After something distressing has happened in your life, recovery is an important part of the restoration process. You might have had a relationship breakdown, experienced the loss of a loved one, been involved in an accident, suffered an illness or maybe a natural disaster. It’s normal to feel upset, but what does recovery look like? How do you know if what you’re experiencing is ‘normal’? How do you know if you are recovering? In this episode you’ll hear about normal reactions to distressing events, what the process of recovery looks like and how to know what to do when recovery isn’t happening for you.
In 2017, Linda Rudd and her husband Matt gave up their respective careers in nursing and law enforcement to follow their dreams of buying a country pub. They purchased the Batlow Hotel and have worked extremely hard to renovate it into a contemporary pub.
On 31 December 2019, the Dunn’s Road bushfire hit Batlow’s surrounds, with the Batlow Hotel under significant threat of total destruction.
Orry Berry is a Rural Adversity Mental Health Program (RAMHP) Coordinator based in Port Macquarie. Orry has worked for over ten years in various roles within the mental health sector, including mental health nursing and Aboriginal mental health. Orry is passionate about being out and about in the community and raising awareness of mental health.
Throughout 2019 and 2020, Orry spent many hours attending bushfire evacuation centres, linking people to mental health support and providing assistance after the fires.
It’s normal to have strong reactions following distressing events which have occurred in our lives.
Common reactions include a range of mental, emotional, physical and behavioural responses. These reactions are normal and, in most cases, they subside as a part of the body’s natural healing and recovery process. Some common reactions to traumatic events are:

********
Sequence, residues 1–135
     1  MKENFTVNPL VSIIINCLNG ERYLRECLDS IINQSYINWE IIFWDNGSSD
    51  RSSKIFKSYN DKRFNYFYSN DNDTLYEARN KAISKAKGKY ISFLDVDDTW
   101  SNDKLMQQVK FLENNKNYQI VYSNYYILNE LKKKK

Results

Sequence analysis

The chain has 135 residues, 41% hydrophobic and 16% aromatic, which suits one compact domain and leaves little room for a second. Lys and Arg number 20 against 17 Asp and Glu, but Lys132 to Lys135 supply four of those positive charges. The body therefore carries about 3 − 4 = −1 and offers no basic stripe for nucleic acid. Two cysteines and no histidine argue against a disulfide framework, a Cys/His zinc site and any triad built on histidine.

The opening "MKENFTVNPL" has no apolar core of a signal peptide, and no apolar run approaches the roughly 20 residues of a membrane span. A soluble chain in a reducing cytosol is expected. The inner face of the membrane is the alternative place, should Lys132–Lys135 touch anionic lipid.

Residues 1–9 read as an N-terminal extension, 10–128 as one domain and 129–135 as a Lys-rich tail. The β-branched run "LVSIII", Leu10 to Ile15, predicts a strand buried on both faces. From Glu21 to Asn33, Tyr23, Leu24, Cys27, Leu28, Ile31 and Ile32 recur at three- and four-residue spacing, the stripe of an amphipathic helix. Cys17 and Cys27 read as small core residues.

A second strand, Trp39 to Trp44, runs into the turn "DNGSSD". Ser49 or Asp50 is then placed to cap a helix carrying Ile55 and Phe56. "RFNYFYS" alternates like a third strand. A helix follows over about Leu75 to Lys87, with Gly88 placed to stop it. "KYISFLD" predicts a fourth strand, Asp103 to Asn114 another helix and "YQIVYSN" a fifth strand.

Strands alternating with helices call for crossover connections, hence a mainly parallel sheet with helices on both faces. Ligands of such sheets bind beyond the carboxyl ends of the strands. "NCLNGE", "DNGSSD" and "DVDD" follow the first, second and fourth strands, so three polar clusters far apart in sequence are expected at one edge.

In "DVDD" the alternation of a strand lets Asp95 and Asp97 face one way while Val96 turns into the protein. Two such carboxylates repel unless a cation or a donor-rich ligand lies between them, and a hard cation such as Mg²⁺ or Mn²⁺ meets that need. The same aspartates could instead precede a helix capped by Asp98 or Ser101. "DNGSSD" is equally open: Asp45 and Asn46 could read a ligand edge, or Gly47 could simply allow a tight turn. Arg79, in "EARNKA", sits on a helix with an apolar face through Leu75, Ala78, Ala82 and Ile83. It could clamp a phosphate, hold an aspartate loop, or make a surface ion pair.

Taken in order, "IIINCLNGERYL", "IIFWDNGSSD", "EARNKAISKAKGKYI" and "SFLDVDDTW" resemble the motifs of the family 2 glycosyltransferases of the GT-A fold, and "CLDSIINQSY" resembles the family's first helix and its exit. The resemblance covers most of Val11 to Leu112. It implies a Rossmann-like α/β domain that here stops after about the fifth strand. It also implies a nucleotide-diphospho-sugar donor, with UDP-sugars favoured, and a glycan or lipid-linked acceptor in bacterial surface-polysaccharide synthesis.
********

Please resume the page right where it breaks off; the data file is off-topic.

- feeling as if you are in a state of ‘high alert’ and are ‘on watch’ for anything else that might happen
- feeling emotionally numb, as if in a state of ‘shock’
- becoming emotional and upset
- feeling extremely fatigued and tired
- feeling very stressed and/or anxious
- being very protective of others including family and friends
- not wanting to leave a particular place for fear of ‘what might happen’.
How to deal with distressing events
- Talk with family, friends, or someone else you trust. Getting support and understanding during a difficult time can be very helpful. You don’t have to face it alone
- Know that what you are feeling is very normal for someone who has been through a difficult event
- Give yourself time. Understand that the way you are feeling will not last. Be kind to yourself
- Accept that it might take a bit of time to adjust
- Spend time doing things that you enjoy – relaxing, going for walks, visiting beautiful places, seeing friends. Plan to do nice things each day
- It will be important to confront situations associated with the traumatic event… but do it gradually. You may decide to go back to work, but go just for a few hours at first and then build up to it slowly
- Avoid using drugs and alcohol to cope. Try to find other ways to relax
Stages of Recovery
Recovery is a unique and individual process that everyone goes through differently. However, there are some common emotions that many people may experience.
- Shock at having to deal with something difficult and scary that you have no prior experience of
- Denial or difficulty in accepting what has happened
- Despair and anger at having to deal with what’s happened
- Acceptance of what’s occurred and the changes it brings and accepting how others see you and how you see yourself
- Coping by finding new ways to tackle these changes and challenges
Recovery goes beyond focusing on managing distressing symptoms. It’s about having choices and being able to create a meaningful and contributing life.
How do I tell if I’m not recovering, and when should I seek help?